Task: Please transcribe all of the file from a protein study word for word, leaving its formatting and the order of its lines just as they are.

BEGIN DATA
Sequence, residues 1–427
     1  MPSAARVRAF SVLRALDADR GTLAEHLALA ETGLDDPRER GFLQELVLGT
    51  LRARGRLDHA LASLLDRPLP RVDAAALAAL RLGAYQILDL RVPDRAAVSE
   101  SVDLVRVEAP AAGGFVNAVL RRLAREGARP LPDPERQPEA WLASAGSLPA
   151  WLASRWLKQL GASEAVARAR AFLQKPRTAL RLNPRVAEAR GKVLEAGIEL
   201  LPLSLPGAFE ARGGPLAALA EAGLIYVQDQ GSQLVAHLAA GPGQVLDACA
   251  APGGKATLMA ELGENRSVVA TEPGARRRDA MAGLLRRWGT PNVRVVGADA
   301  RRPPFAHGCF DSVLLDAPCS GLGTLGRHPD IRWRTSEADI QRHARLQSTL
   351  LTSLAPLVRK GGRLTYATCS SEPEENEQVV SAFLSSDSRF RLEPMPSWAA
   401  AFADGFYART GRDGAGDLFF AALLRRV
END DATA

Sequence, residues 1–427
     1  MPSAARVRAF SVLRALDADR GTLAEHLALA ETGLDDPRER GFLQELVLGT
    51  LRARGRLDHA LASLLDRPLP RVDAAALAAL RLGAYQILDL RVPDRAAVSE
   101  SVDLVRVEAP AAGGFVNAVL RRLAREGARP LPDPERQPEA WLASAGSLPA
   151  WLASRWLKQL GASEAVARAR AFLQKPRTAL RLNPRVAEAR GKVLEAGIEL
   201  LPLSLPGAFE ARGGPLAALA EAGLIYVQDQ GSQLVAHLAA GPGQVLDACA
   251  APGGKATLMA ELGENRSVVA TEPGARRRDA MAGLLRRWGT PNVRVVGADA
   301  RRPPFAHGCF DSVLLDAPCS GLGTLGRHPD IRWRTSEADI QRHARLQSTL
   351  LTSLAPLVRK GGRLTYATCS SEPEENEQVV SAFLSSDSRF RLEPMPSWAA
   401  AFADGFYART GRDGAGDLFF AALLRRV